Doubts about new chief of Polish competition watchdog UOKiK surface
The appointment of Adam Jasser, the now former secretary of state in the PM’s chancellery, to the position of the president of the Polish Office of Competition and Consumer Protection (UOKiK) has drawn criticism with regard to compliance issues from business and legal circles, the Polish media reported on March 20.
“The law clearly states that the post [...] can only be occupied by an individual who complies with all of the listed requirements,” Stanislaw Gebethner, professor of law at the University of Warsaw, told the Polish economic daily Puls Biznesu. “A lack of compliance with even one of the requirements disqualifies the candidate.”
“I don’t think that he [Adam Jasser] has the required competencies to properly exercise the function of the head of UOKiK,” Maciej Grelowski, head of the Business Centre Club Main Committee, also told the paper.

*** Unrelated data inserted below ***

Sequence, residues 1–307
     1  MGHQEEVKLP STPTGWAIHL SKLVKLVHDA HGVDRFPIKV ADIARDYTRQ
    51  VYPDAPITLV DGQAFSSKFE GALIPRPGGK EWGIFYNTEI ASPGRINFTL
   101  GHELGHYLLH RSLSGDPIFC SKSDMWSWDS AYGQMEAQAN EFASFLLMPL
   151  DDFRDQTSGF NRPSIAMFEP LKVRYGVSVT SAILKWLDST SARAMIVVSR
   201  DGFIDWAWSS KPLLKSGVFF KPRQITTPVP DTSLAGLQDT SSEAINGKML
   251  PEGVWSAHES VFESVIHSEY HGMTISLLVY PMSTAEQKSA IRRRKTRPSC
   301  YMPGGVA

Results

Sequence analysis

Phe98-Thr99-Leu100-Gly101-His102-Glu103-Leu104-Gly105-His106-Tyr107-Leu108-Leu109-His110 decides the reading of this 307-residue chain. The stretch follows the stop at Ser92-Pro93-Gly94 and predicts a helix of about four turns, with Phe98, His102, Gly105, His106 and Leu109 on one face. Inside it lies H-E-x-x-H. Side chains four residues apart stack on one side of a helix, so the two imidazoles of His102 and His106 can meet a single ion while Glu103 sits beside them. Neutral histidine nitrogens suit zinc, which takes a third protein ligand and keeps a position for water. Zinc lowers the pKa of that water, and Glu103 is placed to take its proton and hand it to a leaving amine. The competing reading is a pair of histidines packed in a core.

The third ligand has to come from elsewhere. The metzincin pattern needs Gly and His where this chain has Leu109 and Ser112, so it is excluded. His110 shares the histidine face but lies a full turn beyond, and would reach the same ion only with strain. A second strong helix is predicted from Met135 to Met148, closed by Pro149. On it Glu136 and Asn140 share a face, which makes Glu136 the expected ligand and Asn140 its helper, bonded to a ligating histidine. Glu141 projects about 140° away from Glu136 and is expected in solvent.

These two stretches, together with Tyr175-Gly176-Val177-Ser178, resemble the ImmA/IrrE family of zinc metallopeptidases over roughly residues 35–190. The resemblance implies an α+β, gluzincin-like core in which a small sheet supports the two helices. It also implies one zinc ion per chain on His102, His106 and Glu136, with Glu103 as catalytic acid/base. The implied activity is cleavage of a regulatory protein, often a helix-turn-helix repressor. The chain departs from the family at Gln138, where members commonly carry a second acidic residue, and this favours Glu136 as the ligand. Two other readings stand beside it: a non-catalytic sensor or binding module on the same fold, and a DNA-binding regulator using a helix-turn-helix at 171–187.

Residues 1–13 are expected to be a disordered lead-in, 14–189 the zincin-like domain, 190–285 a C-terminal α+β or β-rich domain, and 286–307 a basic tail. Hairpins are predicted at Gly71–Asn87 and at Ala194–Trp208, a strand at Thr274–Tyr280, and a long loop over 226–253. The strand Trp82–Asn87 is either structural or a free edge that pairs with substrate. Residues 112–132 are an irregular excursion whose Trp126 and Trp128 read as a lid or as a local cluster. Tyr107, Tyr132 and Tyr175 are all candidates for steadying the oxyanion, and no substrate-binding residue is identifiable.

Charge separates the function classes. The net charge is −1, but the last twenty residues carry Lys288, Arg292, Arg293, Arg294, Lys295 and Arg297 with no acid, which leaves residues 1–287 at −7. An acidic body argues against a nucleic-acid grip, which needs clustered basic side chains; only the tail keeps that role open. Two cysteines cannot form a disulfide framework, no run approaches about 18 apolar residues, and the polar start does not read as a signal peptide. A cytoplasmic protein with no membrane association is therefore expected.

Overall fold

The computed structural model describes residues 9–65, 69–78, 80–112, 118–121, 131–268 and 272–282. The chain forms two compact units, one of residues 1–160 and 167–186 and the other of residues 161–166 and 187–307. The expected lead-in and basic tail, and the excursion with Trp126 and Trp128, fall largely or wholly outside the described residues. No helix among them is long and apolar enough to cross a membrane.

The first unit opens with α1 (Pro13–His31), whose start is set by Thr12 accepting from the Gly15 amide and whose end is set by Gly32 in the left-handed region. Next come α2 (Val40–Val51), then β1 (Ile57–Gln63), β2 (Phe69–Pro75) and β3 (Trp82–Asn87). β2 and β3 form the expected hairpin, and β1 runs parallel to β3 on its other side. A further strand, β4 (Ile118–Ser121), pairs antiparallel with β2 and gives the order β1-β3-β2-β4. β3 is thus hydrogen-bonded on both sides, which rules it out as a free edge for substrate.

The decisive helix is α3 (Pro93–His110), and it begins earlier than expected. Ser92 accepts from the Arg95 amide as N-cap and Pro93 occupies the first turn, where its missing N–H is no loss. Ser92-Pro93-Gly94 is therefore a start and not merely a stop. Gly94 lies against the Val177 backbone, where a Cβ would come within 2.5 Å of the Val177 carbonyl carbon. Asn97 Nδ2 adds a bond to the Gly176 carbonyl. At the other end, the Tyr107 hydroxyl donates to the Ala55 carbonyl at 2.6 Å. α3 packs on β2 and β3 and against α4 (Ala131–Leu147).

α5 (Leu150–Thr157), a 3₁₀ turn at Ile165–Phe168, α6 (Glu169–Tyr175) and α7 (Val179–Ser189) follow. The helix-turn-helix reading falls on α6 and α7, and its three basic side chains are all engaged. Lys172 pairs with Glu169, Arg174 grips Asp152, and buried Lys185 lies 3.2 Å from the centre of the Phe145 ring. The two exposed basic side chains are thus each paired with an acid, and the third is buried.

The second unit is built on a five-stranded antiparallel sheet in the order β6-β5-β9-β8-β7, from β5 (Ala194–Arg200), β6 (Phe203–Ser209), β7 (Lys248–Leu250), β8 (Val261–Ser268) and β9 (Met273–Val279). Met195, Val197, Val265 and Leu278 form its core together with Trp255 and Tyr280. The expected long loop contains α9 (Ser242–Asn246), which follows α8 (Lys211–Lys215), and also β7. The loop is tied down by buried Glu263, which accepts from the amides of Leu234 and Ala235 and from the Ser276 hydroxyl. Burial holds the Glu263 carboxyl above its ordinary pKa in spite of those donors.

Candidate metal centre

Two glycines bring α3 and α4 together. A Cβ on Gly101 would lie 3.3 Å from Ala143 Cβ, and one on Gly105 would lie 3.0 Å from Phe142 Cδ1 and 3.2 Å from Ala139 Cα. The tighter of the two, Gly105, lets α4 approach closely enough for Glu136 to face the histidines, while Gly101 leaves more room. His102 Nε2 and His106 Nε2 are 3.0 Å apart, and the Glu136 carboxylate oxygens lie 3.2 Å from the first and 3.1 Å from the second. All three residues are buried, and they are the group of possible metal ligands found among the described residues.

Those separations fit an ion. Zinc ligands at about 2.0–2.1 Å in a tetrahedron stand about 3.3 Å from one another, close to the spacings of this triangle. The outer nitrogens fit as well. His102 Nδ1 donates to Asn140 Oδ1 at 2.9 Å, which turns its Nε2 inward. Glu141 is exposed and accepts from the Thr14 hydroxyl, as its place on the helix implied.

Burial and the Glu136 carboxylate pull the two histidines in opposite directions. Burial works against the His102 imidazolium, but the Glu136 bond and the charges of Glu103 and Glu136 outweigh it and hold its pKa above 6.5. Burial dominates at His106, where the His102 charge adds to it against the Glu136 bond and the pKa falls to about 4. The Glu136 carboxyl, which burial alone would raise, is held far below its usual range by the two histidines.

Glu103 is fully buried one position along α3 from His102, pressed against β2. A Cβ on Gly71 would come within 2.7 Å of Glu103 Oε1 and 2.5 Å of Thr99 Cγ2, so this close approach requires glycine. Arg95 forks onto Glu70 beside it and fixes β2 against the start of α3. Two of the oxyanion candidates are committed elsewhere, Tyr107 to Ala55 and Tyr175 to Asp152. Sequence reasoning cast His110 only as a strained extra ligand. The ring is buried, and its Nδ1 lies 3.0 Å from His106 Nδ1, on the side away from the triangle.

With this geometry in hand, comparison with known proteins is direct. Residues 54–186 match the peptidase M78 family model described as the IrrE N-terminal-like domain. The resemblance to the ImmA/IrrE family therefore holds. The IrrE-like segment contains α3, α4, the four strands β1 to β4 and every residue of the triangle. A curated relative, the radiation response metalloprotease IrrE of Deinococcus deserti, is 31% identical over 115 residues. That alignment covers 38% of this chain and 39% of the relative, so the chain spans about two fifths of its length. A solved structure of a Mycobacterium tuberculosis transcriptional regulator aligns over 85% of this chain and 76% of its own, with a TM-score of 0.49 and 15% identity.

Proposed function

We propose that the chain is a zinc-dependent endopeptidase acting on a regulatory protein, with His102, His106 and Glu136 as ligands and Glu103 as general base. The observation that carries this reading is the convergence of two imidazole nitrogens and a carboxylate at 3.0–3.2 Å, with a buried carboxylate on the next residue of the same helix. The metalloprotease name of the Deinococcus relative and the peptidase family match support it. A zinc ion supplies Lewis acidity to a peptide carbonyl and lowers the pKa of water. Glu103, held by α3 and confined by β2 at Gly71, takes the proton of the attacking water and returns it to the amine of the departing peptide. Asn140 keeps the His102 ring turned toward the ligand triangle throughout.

The law regarding UOKiK lists seven requirements that a candidate must meet in order to be considered for the top position. Among others it stipulates that a person must have the education and knowledge to carry out the required tasks. The Polish media reported that Jasser has a higher education degree in English philology and is a graduate of a management major at the Michigan Business School.
Business circles are also sceptical about the new candidate’s impartiality, especially considering that three out of four members of the election committee are current employees of the Polish government.
Former UOKiK CEO, Malgorzata Krasnodebska-Tomkiel, became the watchdog’s deputy in June 2007. This was followed by her appointment as chief executive a year later by Prime Minister Donald Tusk. Krasnodebska-Tomkiel was subsequently dismissed by Tusk in February 2014.
The Polish media and business circles speculated on whether the dismissal was due a propsed energy sector deal that was blocked by UOKiK under Krasnodebska-Tomkiel. The deal involved the acquisition between two state-owned companies PGE and Energa. Despite the deal having been included in the government’s strategic plans and despite the two companies having signed a preliminary agreement in 2011. PGE unsuccessfully appealed the decision in court.